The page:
At the beginning of every month, the internet is flooded with lists of must-reads for the coming 28 to 31 days. And while it's easy to find books that look intriguing at the start of the month, it's a whole lot less so to remember those books when you're actually looking for something new to read. But we're on a mission to change that.
Welcome to the third edition of The Week in Reading, a weekly column where we pull together the best books that come out each week, a full day before the standard book release date—and just in time to eke out that same-day-release delivery from Amazon.
The Week in Reading for February 21. Chelsea Hassler
And so, with no further hesitation: the eight best books to be released on February 21, 2017.
"Encircling" by Carl Frode Tiller. Amazon
Encircling by Carl Frode Tiller
Graywolf Press, 336 pages
A man attempts to recreate his history with the help of three individuals, all of whom see that past in incredibly different ways in the first book of the much-loved Encircling trilogy.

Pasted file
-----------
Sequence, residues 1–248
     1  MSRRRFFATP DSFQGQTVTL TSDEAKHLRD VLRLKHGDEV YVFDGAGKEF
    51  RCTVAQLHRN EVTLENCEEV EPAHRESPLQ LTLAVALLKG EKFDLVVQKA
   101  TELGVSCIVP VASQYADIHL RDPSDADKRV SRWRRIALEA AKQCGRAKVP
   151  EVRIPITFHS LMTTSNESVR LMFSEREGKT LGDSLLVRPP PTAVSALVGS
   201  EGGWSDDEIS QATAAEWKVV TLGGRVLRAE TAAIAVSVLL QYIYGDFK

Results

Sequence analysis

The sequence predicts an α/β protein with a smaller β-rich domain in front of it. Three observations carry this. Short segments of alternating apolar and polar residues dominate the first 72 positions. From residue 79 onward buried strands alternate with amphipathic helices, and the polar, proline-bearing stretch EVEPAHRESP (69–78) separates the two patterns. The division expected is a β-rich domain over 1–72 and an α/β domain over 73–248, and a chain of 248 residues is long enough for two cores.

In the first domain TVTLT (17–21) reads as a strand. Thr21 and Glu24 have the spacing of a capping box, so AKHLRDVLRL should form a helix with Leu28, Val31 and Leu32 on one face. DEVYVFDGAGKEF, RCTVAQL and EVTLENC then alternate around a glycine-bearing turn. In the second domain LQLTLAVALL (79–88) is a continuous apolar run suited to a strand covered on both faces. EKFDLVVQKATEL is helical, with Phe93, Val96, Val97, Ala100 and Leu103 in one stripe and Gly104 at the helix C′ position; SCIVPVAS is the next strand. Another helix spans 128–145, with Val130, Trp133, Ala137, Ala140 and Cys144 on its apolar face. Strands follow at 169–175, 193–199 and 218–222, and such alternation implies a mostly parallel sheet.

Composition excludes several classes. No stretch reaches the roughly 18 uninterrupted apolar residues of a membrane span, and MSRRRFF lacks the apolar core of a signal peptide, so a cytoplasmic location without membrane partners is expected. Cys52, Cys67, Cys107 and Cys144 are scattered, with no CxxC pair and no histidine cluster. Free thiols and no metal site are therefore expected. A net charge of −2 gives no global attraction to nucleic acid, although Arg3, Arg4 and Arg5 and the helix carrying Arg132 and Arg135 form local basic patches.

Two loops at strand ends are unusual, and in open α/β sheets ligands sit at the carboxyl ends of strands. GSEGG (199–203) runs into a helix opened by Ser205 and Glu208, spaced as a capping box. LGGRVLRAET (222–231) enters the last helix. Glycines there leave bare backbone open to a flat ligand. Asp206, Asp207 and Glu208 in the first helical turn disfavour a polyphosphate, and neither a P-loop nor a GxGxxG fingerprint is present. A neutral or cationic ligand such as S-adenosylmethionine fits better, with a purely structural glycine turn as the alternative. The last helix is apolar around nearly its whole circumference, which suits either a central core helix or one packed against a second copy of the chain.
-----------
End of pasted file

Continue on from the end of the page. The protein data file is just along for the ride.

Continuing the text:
Where you've heard his name before: The trilogy won the Norweigan writer awards across Europe, and he's also a musician in the band Kong Ler.
Goodreads synopsis: David has lost his memory. A newspaper advert appears asking friends and relatives to share their memories of him. Three respond: his two closest teenage friends, and his stepfather, now estranged, from his backwater hometown of Namsos. Their reminiscences, of teenage nihilism and rebellion, the eroticism and uncertainties of first love, and intense experiments in art and music, are framed by present day scenes of lives run aground on thwarted ambition and intimacy. Told in letters, interleaved with internal monologues and commentaries, Encircling provides a dark, searingly honest portrait of life at the edges of provincial Norway. Yet for all its apparent bleakness, Tiller’s remarkable opening novel of the Encircling trilogy pulses with humanity and truth. As each narrative colors and reshapes the last, the enigma that is David continues to intrigue us.